With News Corp.’s purchase of Dow Jones essentially complete, concerns now center on the future of the Wall Street Journal newsroom.
On Wednesday, Dow Jones CEO Rich Zannino–a key advocate for the deal–sent a memo to reporters in which he suggested that staffers could expect plenty of exposure through News Corp. properties.
“News Corp., through vehicles such as the Fox (network), its cable channels and interactive properties such as MySpace, has broad marketing platforms and channels of distribution to take our indispensable and differentiated content to new and bigger audiences,” he wrote.
But he also may have spooked some reporters when he tried to address concerns about potential newsroom cuts. “We can’t begin to predict the details of the integration to follow. In this interim, we’ll do our best to keep you informed,” he wrote. “We’ll try in particular to advise as soon as possible of any developments that might affect you directly.”
Though the WSJ covered the story with a ferocity that was at time both impressive and self-reflexive–right down to details like the Australian Shiraz that News Corp. directors sipped to celebrate the deal–many reporters were thought to be opposed.
Steve Yount, president of IAPE’s local 1096, the union repping about 2000 employees, said that the group was “disappointed” with the outcome but that he hoped the positions of dissident Bancrofts “will impress upon Dow Jones’ new owners that the success of our products has always been based on a foundation of integrity and trust.”
Union is set to begin negotiating a new contract shortly.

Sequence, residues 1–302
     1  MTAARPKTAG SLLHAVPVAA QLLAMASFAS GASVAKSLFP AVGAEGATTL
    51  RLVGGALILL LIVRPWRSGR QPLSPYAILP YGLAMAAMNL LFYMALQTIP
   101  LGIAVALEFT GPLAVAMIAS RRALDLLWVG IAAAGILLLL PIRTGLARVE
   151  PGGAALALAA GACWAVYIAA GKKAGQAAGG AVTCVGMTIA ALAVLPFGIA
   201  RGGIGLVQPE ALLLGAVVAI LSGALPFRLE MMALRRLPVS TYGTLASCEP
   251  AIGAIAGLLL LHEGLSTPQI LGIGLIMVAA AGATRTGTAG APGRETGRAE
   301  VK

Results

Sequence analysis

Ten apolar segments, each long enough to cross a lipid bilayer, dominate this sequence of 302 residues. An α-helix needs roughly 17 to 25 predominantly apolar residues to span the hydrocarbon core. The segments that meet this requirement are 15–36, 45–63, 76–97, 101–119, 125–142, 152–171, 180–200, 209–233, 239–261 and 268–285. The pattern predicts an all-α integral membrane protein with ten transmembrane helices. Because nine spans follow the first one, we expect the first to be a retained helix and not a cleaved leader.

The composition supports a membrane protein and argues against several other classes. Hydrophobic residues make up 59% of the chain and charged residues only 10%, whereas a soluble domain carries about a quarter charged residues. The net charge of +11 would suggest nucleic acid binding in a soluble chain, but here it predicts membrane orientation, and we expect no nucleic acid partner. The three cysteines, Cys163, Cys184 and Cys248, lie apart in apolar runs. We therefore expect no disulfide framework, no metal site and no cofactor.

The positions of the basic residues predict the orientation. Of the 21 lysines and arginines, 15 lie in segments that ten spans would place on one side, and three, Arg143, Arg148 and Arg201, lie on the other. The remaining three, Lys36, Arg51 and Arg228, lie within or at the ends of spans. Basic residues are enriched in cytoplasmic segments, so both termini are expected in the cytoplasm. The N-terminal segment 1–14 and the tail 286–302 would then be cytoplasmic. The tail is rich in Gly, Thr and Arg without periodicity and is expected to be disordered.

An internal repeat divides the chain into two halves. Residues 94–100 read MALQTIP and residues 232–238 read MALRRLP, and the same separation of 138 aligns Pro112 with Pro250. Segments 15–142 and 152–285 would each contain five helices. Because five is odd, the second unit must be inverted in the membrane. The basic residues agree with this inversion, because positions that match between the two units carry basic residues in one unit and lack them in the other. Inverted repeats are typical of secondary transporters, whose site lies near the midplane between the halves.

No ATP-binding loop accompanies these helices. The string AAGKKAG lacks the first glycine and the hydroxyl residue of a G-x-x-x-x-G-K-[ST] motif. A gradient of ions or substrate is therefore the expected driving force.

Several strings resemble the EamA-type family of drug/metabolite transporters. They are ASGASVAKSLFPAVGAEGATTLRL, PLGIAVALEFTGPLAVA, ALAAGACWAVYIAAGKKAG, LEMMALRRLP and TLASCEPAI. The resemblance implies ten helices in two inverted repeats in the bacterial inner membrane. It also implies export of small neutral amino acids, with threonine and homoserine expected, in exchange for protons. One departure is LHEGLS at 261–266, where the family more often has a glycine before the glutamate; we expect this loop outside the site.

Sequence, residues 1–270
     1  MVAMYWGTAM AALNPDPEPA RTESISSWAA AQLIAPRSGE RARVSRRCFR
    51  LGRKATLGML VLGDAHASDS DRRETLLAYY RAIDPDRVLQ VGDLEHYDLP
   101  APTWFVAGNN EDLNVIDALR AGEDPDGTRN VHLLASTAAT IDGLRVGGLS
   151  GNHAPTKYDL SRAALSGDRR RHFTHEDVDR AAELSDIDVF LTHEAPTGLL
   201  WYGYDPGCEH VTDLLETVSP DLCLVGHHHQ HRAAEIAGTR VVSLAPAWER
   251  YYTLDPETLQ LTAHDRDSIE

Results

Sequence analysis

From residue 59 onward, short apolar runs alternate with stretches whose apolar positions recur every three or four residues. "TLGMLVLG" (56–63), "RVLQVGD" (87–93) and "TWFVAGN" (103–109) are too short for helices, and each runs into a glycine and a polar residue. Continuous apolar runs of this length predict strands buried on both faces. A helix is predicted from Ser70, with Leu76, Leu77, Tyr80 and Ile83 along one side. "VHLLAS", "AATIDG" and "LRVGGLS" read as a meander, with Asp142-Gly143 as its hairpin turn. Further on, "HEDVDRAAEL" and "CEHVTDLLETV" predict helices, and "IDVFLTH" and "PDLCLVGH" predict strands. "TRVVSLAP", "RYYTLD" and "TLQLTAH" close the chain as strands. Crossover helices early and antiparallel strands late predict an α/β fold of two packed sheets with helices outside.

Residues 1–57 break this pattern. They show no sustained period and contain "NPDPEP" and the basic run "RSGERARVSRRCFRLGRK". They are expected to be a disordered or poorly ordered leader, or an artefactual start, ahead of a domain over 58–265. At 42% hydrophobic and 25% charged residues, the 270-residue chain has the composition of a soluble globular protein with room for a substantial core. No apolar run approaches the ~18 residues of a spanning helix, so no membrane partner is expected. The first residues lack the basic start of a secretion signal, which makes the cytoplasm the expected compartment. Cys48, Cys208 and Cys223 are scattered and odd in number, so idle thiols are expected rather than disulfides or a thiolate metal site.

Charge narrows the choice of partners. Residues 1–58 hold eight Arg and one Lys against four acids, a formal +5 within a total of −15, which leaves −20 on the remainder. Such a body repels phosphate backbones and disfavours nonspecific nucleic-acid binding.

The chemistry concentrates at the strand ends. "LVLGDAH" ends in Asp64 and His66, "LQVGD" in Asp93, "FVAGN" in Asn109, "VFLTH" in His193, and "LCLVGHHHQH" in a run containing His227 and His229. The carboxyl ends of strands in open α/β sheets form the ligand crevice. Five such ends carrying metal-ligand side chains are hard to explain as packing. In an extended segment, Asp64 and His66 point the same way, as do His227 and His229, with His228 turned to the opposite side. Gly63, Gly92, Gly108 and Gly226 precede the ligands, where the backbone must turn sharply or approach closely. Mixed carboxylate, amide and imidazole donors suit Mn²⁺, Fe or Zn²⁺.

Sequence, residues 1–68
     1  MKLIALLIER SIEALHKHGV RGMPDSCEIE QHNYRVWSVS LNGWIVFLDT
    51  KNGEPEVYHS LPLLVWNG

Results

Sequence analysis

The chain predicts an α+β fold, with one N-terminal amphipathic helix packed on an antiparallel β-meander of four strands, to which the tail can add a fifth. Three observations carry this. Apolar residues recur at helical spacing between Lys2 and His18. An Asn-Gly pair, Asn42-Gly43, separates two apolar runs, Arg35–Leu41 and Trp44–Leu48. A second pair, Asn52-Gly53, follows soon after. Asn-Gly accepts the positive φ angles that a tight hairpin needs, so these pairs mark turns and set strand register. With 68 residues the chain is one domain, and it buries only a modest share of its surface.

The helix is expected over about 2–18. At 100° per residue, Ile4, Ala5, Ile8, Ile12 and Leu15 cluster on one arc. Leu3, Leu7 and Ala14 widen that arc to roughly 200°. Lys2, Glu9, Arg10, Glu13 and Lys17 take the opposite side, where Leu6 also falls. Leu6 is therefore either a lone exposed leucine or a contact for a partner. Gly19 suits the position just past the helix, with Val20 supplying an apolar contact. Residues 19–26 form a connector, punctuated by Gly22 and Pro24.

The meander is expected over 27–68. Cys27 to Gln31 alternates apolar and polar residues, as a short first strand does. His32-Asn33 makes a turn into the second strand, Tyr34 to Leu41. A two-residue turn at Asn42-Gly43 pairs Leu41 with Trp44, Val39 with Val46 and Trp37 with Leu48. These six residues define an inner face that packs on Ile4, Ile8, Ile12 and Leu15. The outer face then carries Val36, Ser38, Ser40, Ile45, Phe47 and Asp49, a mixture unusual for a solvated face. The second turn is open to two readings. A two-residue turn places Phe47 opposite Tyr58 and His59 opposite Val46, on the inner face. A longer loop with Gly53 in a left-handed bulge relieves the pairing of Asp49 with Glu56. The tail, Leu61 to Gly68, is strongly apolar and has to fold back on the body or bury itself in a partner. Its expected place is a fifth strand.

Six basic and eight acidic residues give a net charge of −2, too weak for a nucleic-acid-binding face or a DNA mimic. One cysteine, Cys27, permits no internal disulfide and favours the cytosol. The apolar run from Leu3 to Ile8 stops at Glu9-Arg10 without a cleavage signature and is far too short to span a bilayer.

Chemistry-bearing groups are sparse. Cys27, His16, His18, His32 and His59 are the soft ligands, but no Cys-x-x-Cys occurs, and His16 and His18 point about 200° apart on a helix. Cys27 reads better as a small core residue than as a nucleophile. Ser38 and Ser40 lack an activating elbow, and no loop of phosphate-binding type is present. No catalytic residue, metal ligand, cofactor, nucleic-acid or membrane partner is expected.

News also set off a wide-raging wave of predictions among pundits.
The Poynter Institute’s Rick Edmonds predicted that Murdoch will usher in a British invasion. “I read him to be a believer in the natural superiority of British and Australian journalists,” he wrote. “I would be surprised if he doesn’t try to infuse some of that into the Journal.”
Others meanwhile, raised the possibility that a Murdoch-owned WSJ was not necessarily a long-term certainty
“Despite what he may think, Murdoch, 76, won’t live forever – and after he goes, his family’s control of News Corp. is far from permanently assured,” wrote Allan Sloan in Fortune.
News Corp. will pay $5.6 billion for the financial-news company in a deal that’s expected to close within the next three months. While the deal still needs to be approved by shareholders, that move is expected to be a formality.
About 37% of the Bancroft’s 64% of voting stock approved the merger. While about 7% of the remaining stock, held by the Ottaway newspaper family, is expected to vote against the merger, most of the remaining shares are expected to approve it
The companies on Wednesday also announced the makeup of the five-member board that will be put in place to ensure the Wall Street Journal’s editorial independence.
They include AP honcho Louis Boccardi, longtime editorialist Thomas Bray, former Congresswoman Jennifer Dunn, ex-Tribune exec Jack Fuller and new media guru Nicholas Negroponte. Bray, who once served as the editorial page editor at the Detroit News and also contributes to OpinionJournal.com, will be the group’s chairman.
But what kind of power they will have and how they will enforce that power remained open questions as the merger moves forward.
The agreement was filled with tautological legalese (“Whereas, pursuant to the Merger Agreement, (i) each of the Company and Dow Jones is required to adopt, execute and deliver, and comply with, and cause its subsidiaries, as applicable, to comply with, this Agreement”).
But it did spell out a few areas of oversight, including the hiring of key editors and “control over spending and allocation of resources within departmental budgets set by the Company or Dow Jones management.”